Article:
There is much mystery and rumors surrounding Valentines Day. A reason for this is that the earliest observances of the day date back to the Middle Ages. Unfortunately, many records from the period have rarely survived the trip into present day.
Some notes on the origins of the holiday can be found in, “Celebrations: The Complete Book of American Holidays” by Robert J. Myers.
“The most plausible theory for St. Valentine’s Day traces its customs back to the Roman Lupercalia, a feast celebrated in February in honor of the pastoral god Lupercus during the Lupercalia,” Myers writes.
“But in honor of the goddess Juno, the names of young women were put into a box,” he continues. “Youths then drew the names and the boys and girls so matched would be considered partners for a year.”
The day became known as St. Valentine’s Day when the Christians later came into power.
It has been said that there were as many as eight saints carrying the name of Valentine, all with their feast day on Feb. 14. Two of the Valentine’s were said to have been beheaded by Emperor Claudius II in 269 A.D.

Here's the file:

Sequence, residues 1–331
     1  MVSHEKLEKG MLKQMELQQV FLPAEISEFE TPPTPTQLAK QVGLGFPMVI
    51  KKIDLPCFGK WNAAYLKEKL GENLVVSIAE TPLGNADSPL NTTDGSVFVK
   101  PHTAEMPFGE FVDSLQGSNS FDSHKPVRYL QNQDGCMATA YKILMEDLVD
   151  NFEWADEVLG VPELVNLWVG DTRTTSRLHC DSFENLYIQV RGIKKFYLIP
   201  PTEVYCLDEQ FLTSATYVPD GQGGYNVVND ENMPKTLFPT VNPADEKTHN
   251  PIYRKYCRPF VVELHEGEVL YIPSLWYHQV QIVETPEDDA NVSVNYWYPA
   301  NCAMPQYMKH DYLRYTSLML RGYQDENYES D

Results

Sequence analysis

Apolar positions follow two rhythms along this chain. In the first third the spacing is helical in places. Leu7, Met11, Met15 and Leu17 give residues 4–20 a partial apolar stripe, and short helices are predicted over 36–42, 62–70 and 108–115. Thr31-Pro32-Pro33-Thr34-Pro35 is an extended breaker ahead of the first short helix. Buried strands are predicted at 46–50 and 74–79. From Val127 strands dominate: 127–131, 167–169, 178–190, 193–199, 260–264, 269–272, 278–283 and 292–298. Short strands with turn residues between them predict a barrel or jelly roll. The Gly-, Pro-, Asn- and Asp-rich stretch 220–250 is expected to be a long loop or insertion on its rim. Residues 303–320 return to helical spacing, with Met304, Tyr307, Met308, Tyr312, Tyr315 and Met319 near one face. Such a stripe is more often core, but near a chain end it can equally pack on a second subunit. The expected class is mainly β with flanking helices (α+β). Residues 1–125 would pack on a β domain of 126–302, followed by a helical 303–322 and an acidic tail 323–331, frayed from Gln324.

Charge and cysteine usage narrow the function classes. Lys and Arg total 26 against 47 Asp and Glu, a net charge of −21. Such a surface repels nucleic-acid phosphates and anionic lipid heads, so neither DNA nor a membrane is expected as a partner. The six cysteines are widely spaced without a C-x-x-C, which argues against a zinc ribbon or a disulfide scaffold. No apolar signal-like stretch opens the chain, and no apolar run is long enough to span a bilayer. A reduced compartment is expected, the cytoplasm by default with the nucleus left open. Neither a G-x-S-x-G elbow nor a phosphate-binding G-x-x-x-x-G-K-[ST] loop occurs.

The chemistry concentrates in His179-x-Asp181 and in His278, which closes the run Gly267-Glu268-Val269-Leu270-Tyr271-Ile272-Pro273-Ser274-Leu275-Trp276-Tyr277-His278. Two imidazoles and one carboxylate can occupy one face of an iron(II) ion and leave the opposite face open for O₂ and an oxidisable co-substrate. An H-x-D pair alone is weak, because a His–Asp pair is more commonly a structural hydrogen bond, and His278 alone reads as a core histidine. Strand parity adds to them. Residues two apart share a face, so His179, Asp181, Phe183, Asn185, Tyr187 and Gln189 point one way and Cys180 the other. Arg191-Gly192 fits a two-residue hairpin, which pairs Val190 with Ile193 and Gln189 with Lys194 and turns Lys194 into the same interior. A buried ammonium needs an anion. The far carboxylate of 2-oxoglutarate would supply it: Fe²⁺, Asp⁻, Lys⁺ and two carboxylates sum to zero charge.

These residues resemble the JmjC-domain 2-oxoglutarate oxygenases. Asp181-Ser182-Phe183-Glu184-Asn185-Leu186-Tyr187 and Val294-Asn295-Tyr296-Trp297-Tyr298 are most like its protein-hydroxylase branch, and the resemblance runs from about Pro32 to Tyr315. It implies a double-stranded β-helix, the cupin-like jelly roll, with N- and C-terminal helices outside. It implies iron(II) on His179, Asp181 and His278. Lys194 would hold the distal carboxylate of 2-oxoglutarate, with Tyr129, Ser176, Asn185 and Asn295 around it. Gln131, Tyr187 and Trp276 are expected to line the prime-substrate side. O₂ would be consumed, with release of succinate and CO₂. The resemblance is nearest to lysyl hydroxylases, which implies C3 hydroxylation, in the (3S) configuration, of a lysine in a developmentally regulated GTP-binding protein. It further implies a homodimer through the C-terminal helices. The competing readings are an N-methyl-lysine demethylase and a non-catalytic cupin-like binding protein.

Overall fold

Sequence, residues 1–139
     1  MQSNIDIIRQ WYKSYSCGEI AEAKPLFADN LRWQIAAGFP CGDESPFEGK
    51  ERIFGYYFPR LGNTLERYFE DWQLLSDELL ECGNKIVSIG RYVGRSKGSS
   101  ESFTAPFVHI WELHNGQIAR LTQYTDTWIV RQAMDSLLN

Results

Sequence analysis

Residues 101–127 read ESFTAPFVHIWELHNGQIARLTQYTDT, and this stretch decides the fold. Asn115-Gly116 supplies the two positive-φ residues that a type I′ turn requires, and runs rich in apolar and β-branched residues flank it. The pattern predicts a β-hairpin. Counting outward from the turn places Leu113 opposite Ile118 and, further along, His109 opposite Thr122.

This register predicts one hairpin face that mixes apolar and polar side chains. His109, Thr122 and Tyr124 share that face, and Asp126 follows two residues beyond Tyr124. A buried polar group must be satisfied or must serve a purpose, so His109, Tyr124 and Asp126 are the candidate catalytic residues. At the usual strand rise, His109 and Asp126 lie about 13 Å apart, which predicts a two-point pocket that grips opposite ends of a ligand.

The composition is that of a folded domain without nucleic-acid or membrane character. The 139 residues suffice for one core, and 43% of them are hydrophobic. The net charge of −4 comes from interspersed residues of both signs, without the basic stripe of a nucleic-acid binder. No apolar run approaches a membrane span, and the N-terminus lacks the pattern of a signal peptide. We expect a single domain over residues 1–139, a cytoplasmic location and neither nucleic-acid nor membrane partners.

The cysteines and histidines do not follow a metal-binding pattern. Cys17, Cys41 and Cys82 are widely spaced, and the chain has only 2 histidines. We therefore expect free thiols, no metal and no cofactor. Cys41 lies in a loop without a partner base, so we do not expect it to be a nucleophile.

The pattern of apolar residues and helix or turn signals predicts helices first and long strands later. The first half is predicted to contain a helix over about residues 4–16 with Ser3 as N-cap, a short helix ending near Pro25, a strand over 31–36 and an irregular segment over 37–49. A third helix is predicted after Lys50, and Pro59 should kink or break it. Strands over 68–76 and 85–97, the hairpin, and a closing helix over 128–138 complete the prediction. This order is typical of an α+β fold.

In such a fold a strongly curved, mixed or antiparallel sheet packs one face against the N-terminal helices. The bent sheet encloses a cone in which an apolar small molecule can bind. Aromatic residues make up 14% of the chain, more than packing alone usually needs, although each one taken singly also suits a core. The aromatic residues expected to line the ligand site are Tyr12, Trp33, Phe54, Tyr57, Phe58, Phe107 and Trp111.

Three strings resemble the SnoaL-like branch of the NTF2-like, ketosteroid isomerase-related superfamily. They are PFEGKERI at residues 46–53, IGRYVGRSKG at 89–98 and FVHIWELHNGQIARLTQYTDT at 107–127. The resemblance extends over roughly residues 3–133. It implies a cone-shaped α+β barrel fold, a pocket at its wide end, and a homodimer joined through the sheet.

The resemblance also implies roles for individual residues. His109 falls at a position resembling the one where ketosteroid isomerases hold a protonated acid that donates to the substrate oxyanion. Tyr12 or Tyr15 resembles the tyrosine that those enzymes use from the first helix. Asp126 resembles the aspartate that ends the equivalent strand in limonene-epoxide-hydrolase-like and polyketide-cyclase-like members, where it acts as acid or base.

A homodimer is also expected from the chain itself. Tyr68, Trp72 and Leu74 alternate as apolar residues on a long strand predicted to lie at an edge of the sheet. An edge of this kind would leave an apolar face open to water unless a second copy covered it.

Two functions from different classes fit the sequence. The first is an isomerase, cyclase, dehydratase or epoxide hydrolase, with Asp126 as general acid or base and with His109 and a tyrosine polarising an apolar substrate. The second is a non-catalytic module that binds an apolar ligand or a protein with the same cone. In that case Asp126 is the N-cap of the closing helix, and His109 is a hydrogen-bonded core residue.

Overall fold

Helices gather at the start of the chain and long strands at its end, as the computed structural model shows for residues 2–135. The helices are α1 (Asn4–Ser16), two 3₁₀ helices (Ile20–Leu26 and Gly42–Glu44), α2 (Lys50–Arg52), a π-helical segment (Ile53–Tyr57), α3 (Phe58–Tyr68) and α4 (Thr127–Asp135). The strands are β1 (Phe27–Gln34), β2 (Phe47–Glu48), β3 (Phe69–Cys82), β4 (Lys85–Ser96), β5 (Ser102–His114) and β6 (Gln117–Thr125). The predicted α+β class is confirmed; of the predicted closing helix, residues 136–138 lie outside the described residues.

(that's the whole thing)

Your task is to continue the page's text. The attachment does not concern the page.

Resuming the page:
Whatever the true origins of the day, the celebrations have changed. The day still seems to be mainly for couples. Gifts are exchanged, traditionally including cards, candy or flowers.
Regarding the Saint Valentines, questions remain as to which one of them decided to make the day into a lover’s day.
According to www.history.com, one of the Valentines sent a love letter to a girl, signing it “From your Valentine.” This gesture ultimately started the tradition of sending valentines cards to loved ones.
Valentine’s Day, while seemingly fun and celebratory, does not interest everybody it seems.
Stores get into the Valentine’s Day spirit. The holiday ranks second only to Christmas in terms of the number of cards purchased for others.
But even with the reminders of love in the air, some people simply don’t buy into the holiday spirit.
“I don’t like it,” freshman Danielle Galbreath said. “It’s not one of my favorite holidays.